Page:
"Bad News and Good Judgment: A Guide to Reporting on Sensitive Issues in a Small-Town Newspaper"
Identifying suicide victims and reporting names of suspended high school athletes are among the many challenging news decisions facing community newspapers. This session will teach participants how to handle these stories ethically and professionally. It will emphasize why it's important to print all the news - the good and bad - and will help participants understand the three-part process to effectively handling sensitive stories: Developing the policies, uncovering the facts, and explaining newspaper policies to readers.
"Elements of Outstanding Election Coverage"
Election coverage is one of the most demanding and scrutinized tasks that faces newspapers, especially if readers perceive a newspaper to have a political "bias" on its editorial pages. This seminar helps participants formulate a plan for covering elections - before, during and after - and to think through the impact of their decisions on readers. How do you handle letters to the editor? Why is it a newspaper's responsibility to offer editorial endorsements? What are some tips for election night and post-election coverage? These and other aspects of election coverage are explored.
"Vigorous Editorials: A Community's Conscience"
This workshop focuses on the importance of a strong editorial page and its role in community leadership. Vigorous editorial pages are the conscience of vibrant communities. The seminar identifies the principles integral to effective editorials and editorial pages. It identifies and explores avenues for reader participation on the editorial page. Participants also will learn the importance of using the editorial page to regularly communicate newspaper policies and procedures to readers.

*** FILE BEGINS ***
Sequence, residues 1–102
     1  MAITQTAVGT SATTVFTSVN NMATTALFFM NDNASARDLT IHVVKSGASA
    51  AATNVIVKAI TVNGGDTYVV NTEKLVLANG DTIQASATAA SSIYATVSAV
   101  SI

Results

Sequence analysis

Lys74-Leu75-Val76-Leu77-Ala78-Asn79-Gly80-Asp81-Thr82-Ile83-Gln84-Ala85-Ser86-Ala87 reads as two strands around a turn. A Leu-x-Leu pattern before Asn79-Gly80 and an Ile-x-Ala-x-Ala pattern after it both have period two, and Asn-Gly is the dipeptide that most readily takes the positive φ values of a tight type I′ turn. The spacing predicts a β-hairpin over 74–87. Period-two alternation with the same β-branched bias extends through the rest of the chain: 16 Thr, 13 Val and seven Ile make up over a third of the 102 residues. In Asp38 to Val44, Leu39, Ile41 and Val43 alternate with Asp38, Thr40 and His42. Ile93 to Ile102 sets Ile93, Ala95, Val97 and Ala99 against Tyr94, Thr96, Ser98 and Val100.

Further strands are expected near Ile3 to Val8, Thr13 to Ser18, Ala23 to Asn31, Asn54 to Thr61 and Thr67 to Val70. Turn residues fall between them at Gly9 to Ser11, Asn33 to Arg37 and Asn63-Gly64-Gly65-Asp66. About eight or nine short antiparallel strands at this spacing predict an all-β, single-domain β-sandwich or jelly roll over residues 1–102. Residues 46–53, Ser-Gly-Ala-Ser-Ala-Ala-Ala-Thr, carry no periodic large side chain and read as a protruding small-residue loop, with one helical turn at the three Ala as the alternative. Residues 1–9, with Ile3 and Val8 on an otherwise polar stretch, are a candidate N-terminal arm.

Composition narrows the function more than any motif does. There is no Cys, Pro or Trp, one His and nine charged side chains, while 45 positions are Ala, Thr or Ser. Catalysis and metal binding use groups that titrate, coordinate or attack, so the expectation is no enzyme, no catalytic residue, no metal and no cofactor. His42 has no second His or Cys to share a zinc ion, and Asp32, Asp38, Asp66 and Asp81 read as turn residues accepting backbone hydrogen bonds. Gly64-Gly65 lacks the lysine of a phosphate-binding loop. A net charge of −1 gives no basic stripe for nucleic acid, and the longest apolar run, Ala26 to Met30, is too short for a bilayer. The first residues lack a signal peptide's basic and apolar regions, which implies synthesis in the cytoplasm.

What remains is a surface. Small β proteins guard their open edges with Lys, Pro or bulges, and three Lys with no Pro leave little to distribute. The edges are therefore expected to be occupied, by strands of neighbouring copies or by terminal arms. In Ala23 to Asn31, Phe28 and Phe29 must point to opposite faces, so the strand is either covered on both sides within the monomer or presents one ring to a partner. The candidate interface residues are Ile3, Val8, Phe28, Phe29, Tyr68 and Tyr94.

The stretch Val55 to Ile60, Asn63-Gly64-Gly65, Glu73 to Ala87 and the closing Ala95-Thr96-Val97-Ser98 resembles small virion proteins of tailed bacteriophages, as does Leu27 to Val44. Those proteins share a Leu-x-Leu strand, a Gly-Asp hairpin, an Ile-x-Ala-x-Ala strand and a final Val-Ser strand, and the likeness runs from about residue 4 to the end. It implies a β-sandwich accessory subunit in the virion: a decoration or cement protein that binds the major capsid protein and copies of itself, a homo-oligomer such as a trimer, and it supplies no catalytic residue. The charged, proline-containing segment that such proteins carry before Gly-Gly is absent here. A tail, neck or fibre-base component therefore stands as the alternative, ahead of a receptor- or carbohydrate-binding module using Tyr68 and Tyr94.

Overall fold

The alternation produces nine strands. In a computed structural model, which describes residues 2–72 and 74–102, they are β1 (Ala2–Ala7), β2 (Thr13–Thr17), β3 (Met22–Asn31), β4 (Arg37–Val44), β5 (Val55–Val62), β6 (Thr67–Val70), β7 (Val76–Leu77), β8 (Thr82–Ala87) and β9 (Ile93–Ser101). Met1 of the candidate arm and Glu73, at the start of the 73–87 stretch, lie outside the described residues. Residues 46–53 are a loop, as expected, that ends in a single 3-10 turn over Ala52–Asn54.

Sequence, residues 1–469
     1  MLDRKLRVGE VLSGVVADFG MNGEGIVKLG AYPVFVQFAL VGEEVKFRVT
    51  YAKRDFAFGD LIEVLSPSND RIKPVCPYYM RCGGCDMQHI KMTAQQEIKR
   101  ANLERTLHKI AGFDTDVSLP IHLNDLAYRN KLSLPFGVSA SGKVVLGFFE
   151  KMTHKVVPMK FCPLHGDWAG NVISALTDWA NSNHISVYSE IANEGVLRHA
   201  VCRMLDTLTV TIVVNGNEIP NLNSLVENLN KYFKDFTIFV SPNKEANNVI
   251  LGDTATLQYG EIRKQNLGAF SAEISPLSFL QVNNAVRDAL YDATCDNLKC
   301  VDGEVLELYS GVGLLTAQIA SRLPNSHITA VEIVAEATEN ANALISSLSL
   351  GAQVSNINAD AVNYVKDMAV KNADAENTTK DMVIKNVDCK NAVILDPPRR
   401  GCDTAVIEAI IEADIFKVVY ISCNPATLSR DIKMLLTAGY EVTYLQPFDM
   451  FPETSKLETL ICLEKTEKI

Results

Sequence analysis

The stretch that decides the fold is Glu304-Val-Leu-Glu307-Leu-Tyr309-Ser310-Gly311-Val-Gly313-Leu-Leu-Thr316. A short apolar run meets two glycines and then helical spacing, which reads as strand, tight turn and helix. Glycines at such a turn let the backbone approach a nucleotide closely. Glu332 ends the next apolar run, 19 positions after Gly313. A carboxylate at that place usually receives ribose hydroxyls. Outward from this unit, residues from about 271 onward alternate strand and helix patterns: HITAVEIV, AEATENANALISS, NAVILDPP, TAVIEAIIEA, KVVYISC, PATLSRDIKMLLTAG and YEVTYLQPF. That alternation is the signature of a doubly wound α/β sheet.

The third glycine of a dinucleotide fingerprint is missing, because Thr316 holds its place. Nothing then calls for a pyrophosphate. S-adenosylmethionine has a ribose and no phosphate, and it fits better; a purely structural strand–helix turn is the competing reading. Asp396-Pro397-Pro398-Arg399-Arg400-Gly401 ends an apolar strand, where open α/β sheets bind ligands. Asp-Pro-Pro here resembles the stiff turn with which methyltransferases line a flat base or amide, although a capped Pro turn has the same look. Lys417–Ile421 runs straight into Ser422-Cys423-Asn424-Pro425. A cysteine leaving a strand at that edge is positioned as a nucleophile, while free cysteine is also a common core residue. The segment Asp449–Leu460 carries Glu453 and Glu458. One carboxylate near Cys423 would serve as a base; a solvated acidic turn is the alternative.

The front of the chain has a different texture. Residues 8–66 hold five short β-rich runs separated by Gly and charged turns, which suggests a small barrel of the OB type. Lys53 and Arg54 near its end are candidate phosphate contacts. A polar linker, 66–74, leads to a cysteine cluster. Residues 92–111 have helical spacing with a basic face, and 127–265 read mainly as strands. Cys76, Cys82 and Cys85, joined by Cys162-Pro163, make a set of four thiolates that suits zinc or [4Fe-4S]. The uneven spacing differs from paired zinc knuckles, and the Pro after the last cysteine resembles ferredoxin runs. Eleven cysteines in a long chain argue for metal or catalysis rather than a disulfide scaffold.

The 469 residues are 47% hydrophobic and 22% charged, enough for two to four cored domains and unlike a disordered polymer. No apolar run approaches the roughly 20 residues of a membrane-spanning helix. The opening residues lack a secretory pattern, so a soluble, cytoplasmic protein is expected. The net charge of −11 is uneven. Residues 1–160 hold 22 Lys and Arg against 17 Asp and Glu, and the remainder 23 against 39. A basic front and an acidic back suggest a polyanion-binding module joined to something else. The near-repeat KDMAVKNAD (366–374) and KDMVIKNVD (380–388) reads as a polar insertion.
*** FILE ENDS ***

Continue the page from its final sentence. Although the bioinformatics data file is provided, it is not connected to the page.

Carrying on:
"ABCs of Editorial Writing"
Locally produced editorials are becoming increasingly scarce among community newspapers for a variety of reasons. Editors are challenged enough with everyday responsibilities. Publishers are afraid of offending someone, especially a major advertiser. The task doesn't have to be so foreboding, and editorials don't always have to be structured as "us" vs. "them". But editorials must offer an opinion. This session offers basic and practical steps to gain the confidence to write editorials about the important issues facing your community.
"Developing Sources and Beats"
Confrontations are unavoidable if newspapers are doing their jobs reporting both good and bad news. Relationships don't always have to be rocky; however, connecting with sources is a two-way street. This session offers practical tips on how to develop community beats, and how to foster an understanding so traditional and nontraditional sources will be equally forthcoming with good and bad news.
"Covering Business News, the Good and Bad"
Business news - stories about employers and employees - has a big impact on communities. What happens at the workplace might even overshadow a decision of the local city council. Yet many newspapers struggle for consistent coverage of local business. This session offers practical steps to start on a path of substantive coverage, including helping businesspeople understand the importance of reporting the good news as well as the bad news. Developing business news is an important step toward increased advertising revenue as well.
Public affairs: “How to make meeting coverage relevant and timely”
Coverage of local governing bodies — school board, city council, county board — remains a primary responsibility of community newspapers. But newsrooms must change their approach if they are to engage readers — put more focus on previewing the meetings and report on government actions in terms of the practical impact on readers.